I read this in my late teens and recently went back and re-read it after buying it used through Amazon. It is a science fiction story complete with the Haldeman brothers exacting science (I think I read somewhere that one is a biologist and the other a physicist) but told through the eyes of a `farm boy' type going off to college (in the form of a starship based university). This naïve farm boy happens to exist in the form of a fairly large bio-engineered colonist bred to survive on a harsh backwater planet. His experiences are played out brilliantly as he explores the people and planets of this not to distant future with his fellow students among whom he develops both friends and enemies.My favorite section is when the school stops on the planet Hell, which rents itself out to other worlds who wish to wage war in a controlled environment. The vision the Haldemans paint of a future earth is brilliant, frightening, and altogether real.This is a character study similar in style to a book like "Ender's Game" or in some respects "Starship Troopers" though on a smaller scale (no major planet threatening wars here). I think people who enjoyed those books would enjoy this one. It is well worth the extra effort to find a used copy.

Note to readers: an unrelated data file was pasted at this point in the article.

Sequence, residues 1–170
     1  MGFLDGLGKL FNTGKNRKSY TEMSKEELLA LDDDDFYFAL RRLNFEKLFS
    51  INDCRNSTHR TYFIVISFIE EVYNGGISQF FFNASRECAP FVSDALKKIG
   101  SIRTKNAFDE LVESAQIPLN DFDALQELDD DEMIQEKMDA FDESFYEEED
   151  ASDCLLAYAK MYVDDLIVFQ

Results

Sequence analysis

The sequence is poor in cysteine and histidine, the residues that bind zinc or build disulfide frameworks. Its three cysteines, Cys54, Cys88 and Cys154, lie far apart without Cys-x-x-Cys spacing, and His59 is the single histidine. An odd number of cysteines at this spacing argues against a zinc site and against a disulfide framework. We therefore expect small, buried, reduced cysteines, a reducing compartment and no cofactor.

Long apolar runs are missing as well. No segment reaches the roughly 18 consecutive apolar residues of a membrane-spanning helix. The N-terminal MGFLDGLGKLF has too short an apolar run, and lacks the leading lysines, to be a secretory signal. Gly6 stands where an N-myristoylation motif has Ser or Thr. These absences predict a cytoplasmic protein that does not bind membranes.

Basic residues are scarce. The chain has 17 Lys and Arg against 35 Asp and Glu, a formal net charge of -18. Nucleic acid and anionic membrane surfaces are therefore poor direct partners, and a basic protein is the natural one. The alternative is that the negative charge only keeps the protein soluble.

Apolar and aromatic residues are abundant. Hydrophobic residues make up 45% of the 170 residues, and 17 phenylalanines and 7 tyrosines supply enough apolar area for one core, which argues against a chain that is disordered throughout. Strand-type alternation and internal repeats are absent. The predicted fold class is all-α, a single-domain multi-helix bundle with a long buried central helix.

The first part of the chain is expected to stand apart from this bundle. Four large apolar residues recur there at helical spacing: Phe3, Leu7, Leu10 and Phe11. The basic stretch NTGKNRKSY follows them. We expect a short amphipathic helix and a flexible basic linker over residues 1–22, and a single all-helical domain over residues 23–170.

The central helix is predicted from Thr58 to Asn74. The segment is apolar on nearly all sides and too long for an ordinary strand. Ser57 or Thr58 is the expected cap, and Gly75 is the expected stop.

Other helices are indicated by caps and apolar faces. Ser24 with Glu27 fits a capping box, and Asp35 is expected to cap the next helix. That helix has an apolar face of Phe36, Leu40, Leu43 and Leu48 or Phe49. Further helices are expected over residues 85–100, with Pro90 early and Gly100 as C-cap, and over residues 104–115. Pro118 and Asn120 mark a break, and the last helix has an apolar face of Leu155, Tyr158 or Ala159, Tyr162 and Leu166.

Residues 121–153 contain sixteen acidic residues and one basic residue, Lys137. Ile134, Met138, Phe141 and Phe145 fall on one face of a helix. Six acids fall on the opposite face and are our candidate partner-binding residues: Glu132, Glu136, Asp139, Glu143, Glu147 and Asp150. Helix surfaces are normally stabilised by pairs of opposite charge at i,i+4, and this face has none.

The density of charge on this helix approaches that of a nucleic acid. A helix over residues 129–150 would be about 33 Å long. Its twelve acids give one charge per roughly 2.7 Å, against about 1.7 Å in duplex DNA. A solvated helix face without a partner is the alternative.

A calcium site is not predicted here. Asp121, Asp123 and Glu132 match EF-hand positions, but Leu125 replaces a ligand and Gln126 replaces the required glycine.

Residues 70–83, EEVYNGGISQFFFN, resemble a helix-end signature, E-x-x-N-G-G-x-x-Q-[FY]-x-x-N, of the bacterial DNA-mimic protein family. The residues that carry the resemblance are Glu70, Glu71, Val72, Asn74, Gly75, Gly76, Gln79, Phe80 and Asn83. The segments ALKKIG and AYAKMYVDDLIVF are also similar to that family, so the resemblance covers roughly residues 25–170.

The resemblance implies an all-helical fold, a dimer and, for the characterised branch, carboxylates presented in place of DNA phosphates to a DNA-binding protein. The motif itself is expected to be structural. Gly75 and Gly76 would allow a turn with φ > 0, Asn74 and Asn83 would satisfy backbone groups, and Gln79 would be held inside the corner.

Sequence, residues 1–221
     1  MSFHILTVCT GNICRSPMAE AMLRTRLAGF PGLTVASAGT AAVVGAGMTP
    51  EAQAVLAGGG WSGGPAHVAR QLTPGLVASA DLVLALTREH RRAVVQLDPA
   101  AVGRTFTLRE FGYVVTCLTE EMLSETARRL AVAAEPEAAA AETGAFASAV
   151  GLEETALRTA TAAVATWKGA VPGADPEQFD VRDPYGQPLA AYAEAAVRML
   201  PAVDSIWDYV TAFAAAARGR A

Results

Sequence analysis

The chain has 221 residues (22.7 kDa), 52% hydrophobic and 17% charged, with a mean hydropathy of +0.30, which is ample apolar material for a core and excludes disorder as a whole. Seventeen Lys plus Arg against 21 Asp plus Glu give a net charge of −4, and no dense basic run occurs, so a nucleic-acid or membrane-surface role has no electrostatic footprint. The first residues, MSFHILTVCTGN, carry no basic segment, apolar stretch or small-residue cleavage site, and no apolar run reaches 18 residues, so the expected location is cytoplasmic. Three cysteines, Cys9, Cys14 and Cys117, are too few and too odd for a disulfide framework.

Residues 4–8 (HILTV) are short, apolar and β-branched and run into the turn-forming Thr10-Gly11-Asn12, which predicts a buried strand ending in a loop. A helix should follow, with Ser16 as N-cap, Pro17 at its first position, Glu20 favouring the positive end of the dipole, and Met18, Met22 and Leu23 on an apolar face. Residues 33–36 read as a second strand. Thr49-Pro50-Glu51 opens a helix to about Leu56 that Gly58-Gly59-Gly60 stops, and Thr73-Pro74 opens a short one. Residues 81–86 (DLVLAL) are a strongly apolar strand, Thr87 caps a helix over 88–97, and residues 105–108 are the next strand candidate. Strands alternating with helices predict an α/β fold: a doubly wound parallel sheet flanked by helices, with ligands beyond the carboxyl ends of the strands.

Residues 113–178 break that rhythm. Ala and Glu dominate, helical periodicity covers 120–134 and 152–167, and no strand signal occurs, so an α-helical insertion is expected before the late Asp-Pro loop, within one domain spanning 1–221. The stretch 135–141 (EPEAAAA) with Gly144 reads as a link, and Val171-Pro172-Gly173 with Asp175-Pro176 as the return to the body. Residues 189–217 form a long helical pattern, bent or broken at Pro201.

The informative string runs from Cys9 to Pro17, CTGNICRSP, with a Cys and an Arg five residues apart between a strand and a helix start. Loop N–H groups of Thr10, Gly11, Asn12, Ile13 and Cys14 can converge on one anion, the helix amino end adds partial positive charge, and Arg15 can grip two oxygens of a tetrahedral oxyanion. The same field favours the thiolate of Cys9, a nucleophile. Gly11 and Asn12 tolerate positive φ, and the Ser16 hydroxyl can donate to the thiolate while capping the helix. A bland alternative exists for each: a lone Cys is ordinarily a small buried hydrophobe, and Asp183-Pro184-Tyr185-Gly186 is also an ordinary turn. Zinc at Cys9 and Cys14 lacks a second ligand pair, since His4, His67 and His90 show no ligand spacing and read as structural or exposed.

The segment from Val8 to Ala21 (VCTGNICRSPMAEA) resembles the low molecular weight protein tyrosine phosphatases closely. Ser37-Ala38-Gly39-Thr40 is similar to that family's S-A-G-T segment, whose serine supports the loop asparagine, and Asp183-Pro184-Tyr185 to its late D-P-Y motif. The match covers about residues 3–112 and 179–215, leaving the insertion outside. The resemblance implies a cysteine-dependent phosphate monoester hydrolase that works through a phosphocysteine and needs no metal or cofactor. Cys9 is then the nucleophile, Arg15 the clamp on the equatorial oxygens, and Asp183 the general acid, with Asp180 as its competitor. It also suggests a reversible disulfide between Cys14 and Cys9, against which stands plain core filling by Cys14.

• By Judah on August 2, 2011